On January 31, the Claremont City Council voted to appeal the December 9, 2016, ruling against the city’s eminent domain case to acquire Golden State Water Company’s (Golden State) Claremont water system. An article in the Inland Valley Daily Bulletin indicated the city spent close to $14 million on the eminent domain proceedings, which were initiated after voters passed Measure W in November 2014 allowing the city to borrow up to $135 million to acquire the system.
At the January 31 meeting, the city council also voted to appropriate $450,000 toward legal fees for the appeal from its Operating and Environmental Emergency General Fund Reserve and its Equipment and Facility Reserve. If the decision stands, the city could be obligated to reimburse $450,000 to $1 million for Golden State’s legal fees as well as $500,000 to $1 million in interest charges.
“It is disappointing that the City of Claremont has chosen to appeal the decisive ruling made by a Superior Court judge in favor of Golden State Water. Claremont taxpayers will now be forced to pay millions more in additional legal fees and interest charges,” said Denise Kruger, Golden State Water’s Senior Vice President of Regulated Utilities, in the newspaper article.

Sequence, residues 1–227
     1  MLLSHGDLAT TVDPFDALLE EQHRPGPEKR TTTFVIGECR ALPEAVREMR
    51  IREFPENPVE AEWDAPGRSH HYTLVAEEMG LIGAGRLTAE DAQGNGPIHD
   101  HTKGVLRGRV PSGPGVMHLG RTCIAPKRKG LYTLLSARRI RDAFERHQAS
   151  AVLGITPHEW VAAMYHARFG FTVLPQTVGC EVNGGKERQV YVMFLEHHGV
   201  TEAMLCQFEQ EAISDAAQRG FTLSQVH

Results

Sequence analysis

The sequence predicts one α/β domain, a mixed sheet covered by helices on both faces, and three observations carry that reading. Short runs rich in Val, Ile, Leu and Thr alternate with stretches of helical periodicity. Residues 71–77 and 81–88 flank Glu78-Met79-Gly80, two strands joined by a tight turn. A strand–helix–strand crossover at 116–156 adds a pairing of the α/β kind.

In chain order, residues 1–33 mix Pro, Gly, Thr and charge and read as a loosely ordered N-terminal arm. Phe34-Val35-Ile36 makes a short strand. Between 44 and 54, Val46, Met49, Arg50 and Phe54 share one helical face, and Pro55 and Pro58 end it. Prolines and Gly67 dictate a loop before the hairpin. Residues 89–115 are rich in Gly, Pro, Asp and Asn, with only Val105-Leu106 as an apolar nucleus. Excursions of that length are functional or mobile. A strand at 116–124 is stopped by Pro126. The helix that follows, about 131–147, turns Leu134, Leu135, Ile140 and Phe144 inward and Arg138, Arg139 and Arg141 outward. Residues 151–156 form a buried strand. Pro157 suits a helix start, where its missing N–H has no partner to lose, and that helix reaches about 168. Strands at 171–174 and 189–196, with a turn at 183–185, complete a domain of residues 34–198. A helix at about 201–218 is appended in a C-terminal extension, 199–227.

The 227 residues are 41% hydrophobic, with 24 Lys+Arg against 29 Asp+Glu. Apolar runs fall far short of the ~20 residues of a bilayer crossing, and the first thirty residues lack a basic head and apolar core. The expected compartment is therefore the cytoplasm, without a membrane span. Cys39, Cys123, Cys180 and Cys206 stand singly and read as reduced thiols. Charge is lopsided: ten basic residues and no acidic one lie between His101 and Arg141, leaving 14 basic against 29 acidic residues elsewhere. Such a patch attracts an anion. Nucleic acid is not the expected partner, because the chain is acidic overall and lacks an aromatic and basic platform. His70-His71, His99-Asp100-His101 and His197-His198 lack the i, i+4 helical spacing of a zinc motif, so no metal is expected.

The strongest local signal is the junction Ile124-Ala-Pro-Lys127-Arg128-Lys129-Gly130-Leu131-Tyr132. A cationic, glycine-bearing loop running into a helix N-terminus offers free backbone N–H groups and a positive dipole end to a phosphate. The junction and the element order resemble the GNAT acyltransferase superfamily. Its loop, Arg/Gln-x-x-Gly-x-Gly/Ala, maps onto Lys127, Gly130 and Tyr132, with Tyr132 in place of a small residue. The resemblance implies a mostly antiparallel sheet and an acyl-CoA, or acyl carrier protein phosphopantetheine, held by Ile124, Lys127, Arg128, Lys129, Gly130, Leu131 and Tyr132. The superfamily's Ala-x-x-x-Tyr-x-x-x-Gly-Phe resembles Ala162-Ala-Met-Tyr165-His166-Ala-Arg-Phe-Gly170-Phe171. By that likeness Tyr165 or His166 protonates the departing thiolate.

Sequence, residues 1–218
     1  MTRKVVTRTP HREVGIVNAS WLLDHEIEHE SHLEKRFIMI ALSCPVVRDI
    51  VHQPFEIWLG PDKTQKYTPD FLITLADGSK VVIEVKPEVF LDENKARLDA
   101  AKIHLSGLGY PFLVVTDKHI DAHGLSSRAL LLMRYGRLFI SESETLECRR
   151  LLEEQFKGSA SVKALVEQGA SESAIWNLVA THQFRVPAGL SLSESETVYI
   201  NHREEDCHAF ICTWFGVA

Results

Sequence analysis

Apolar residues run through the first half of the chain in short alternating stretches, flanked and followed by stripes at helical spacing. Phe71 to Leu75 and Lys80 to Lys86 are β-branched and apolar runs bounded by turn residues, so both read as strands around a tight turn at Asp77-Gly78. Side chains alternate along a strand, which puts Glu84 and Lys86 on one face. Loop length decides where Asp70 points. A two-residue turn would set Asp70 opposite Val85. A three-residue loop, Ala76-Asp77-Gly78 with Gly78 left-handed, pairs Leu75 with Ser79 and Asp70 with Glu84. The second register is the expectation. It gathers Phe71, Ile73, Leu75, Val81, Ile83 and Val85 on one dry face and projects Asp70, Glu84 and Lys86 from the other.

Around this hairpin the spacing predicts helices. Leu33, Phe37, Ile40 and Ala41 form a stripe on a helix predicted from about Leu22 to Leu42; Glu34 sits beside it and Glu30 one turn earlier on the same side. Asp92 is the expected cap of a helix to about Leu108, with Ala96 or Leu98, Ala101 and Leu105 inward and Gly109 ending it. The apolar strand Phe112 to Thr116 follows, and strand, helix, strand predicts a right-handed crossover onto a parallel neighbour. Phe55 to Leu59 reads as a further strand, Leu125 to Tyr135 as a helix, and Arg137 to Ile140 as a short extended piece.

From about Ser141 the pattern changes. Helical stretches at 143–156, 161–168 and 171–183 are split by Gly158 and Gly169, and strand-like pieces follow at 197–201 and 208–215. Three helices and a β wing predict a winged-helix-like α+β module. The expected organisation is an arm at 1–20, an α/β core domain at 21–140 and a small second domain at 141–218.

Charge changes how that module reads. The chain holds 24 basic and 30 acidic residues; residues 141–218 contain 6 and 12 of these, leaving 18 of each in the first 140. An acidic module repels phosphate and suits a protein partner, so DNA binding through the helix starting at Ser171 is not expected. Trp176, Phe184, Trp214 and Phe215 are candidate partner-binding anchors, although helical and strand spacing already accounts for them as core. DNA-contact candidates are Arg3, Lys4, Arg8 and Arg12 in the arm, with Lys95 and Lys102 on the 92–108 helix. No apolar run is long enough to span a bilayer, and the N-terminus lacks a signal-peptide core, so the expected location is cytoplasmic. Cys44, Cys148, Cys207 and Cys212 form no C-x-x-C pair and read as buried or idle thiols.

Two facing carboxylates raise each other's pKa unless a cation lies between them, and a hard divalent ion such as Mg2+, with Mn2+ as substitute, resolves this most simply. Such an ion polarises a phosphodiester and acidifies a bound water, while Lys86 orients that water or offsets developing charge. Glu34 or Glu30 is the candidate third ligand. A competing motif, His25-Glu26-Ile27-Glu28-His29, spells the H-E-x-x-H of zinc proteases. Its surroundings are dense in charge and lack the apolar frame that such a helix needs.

A recent research report, “The Economic Consequences of Contested Government Takeovers of Investor‐Owned Water Utilities,” issued by Analysis Group, illustrates contested takeovers typically are very costly for the acquiring government entity and do not necessarily result in lower rates or better service than private ownership post-takeover.
David Axelrad, a partner in the law firm retained by the city, noted, “Across the country, only 20 percent of appeals are successful.”
The appeal is expected to take 18 months to two years to complete.